Macro Photography Ideas To Shoot At Home

Sheltering in place may seem stifling, but staying at home doesn’t mean you can’t be hitting the shutter as much as you’d like, especially if you own a macro lens. 

The following list and accompanying photos were completed shortly before this was written and all the shoots were kept simple and done in a timely manner. The materials used were those which were on hand and easily available. 

Each idea was fun and posed a different challenge. There also seems to be a lot of untapped potential with some of these projects if you enjoy experimentation. With more time committed and a bit of practice, you’ll surely be able to get the look you’re after. Hopefully, my experiences with these projects will help you along.

And if you’re a Canon shooter, check out our picks for the Best Macro Lens For Canon.

Head Into the Yard

If you have access to a yard or garden, grab your camera and head outside. Even a simple yard or a neighborhood walk can provide endless opportunities for a sharp eye with a macro lens. 

This was written in May, so there was plenty in bloom and lots of new growth. 

While the day I chose for this idea was pleasant, it was breezy and that made shooting any blooming flowers difficult. 

What eventually caught my eye was a patch of sprouting moss on the edge of a grassy area. Low to the ground, it was out of the wind, but it also meant getting a bit damp and muddy if I wanted to get close. I’d never seen moss from this perspective before and I liked it, it’s a certainty I’ll revisit this area to see if I can improve. 

It was sunny, so I took advantage of that and closed the aperture more so there’d be more depth of field. Depth of field is probably the biggest challenge with macro photography and the tinier you get the harder it is, and I’d say the moss had moved into that area. It was a challenge, but a worthy one. 

Cut Flowers

A vase of bargain bucket cut flowers near the kitchen sink caught my eye when the late afternoon sunlight created a dramatic look. Because of the lighting and the smaller aperture associated with macro, the dishrack background was conveniently hidden in darkness.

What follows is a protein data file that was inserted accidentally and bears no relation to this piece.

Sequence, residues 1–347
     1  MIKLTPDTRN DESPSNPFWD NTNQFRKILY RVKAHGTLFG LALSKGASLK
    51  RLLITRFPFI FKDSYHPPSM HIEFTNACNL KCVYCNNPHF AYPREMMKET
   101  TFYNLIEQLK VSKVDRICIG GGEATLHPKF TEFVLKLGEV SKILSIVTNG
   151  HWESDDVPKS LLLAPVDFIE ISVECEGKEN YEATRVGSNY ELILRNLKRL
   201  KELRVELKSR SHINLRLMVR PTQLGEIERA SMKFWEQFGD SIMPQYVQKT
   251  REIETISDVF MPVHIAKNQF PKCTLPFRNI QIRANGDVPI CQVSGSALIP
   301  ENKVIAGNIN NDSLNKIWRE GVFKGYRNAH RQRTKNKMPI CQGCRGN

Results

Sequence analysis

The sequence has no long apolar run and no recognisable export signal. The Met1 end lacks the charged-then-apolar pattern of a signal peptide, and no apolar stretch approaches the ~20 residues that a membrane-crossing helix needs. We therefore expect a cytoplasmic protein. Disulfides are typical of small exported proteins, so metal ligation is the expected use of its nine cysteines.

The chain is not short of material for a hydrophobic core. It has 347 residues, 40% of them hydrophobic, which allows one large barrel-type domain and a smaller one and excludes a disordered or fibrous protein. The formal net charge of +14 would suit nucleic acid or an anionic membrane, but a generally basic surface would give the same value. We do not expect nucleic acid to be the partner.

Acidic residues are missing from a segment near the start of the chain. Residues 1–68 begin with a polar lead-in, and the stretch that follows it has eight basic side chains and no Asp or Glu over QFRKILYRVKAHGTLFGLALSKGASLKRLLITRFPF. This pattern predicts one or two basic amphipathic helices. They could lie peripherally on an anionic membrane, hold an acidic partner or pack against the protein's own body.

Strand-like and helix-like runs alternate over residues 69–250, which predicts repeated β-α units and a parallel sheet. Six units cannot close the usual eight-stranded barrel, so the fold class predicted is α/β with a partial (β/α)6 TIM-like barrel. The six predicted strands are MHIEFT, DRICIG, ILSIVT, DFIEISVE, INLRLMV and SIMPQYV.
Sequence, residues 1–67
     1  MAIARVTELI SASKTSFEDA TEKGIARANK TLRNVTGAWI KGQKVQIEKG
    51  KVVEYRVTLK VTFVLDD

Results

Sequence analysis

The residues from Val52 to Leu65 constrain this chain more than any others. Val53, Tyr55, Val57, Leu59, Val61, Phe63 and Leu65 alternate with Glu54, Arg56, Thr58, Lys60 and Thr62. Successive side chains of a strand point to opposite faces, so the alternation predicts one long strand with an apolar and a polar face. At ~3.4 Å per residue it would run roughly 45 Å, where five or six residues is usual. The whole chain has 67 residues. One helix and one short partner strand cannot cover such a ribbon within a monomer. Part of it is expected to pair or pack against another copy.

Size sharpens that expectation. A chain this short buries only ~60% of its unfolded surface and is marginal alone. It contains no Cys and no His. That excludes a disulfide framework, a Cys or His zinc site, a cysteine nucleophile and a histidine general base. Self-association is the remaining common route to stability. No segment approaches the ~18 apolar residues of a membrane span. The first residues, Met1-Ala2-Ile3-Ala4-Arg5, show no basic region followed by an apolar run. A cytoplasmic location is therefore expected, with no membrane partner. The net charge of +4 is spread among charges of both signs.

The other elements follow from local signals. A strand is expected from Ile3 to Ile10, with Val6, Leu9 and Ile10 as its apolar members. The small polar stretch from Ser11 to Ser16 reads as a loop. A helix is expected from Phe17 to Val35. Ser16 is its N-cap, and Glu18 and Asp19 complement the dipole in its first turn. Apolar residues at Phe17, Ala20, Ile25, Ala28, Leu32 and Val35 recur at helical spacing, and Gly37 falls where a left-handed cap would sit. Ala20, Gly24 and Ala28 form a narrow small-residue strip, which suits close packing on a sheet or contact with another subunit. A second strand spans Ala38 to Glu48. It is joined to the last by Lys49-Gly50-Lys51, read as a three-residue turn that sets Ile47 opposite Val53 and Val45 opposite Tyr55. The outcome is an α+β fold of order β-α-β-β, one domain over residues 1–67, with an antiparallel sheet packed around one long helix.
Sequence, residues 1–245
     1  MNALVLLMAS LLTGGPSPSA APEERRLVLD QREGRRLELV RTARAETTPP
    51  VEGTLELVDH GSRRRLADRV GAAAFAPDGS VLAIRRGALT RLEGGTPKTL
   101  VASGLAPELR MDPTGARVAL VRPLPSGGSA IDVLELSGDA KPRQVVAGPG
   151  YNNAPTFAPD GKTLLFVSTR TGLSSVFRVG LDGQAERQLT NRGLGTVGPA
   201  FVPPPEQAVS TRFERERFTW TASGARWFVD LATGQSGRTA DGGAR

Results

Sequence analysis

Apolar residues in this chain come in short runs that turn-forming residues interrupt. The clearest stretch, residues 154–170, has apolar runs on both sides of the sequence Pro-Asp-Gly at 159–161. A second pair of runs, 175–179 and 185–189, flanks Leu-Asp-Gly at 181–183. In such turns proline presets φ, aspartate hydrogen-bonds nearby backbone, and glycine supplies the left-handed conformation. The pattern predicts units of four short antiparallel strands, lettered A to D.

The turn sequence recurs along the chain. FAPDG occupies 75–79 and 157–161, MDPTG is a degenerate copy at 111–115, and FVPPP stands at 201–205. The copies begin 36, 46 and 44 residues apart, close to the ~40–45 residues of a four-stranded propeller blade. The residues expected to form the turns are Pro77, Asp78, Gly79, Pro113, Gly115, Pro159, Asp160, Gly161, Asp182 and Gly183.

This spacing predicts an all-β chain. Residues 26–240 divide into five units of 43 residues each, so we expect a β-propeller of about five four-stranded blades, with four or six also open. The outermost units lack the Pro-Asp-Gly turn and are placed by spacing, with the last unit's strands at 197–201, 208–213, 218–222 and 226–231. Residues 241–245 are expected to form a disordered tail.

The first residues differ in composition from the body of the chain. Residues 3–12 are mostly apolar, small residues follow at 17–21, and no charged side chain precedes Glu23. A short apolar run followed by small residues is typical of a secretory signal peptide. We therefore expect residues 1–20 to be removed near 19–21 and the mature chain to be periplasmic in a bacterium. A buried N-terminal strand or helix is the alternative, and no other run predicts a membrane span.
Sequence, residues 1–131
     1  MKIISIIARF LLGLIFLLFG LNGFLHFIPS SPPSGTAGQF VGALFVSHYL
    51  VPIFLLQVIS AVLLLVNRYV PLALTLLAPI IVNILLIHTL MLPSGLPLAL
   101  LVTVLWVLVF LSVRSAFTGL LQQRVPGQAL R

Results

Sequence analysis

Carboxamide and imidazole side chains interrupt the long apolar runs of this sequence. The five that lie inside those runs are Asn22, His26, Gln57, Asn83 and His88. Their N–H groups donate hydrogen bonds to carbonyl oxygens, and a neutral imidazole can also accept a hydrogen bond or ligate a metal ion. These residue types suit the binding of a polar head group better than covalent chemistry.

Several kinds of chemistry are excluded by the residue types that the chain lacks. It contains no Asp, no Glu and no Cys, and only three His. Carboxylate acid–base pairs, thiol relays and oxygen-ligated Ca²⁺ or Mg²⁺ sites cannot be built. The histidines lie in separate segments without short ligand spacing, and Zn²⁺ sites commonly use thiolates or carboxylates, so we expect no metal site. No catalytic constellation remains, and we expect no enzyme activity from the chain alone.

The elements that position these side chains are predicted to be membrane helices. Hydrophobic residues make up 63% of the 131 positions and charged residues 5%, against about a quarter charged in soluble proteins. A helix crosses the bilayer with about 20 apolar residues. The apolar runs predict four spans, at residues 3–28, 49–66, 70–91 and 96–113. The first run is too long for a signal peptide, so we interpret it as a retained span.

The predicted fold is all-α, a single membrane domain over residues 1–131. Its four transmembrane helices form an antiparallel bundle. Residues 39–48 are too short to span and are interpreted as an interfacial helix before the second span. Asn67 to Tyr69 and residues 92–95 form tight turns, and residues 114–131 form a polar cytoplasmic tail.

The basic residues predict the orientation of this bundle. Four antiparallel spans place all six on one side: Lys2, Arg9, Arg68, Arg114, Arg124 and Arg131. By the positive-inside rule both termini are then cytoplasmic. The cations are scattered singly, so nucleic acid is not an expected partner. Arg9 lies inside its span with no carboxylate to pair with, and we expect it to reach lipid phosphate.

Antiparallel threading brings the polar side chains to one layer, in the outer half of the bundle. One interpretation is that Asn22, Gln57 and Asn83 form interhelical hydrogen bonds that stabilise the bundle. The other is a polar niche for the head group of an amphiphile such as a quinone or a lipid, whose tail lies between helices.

You can also use the selective focus technique to isolate your subject from an otherwise unappealing background.

This was a relatively easy one, but since it was sunlight I was working with limited time. I rotated the vase and played with focusing on different areas and angles of view.

If you don’t have any cut flowers available, house plants may also prove interesting subjects. I like cut flowers with macro photography because of the variety of flowers, vases and backgrounds available.


It seems everyone collects something, and many have more than one. These items can provide opportunities to both document them with your camera and highlight interesting aspects and easily overlooked details. 

I was allowed to photograph some selections from a coin collection. I loved the details and polished surfaces of proof quality coins. There wasn’t much difficulty here and minor changes in position could greatly change the effects of the lighting and resulting photos.  

Some of the modern commemorative coins had beautifully detailed images and older ones provided eye-catching styles that were highlighted with the macro lens. Collections are as varied as their owners and I wouldn’t hesitate to do more collection photography. Collectors are always eager to talk about their gathered treasures. They like to share the history behind them and stories of how each piece was acquired. Every time someone has shown me their collection I’ve learned something, it’s fun to combine that with photography. 


Jewelry, no matter what the value, can be very photogenic. With a clean background and good lighting, even a strand of inexpensive mismatched beads can be an engaging subject. 

Glare and shadows, along with positioning the strand were the challenges with this project. Indirect sunlight, an overhead light and two small flashlights placed on opposite sides gave me plenty to work with as I tried several arrangements. Focusing was fairly easy because the beads were on the same level.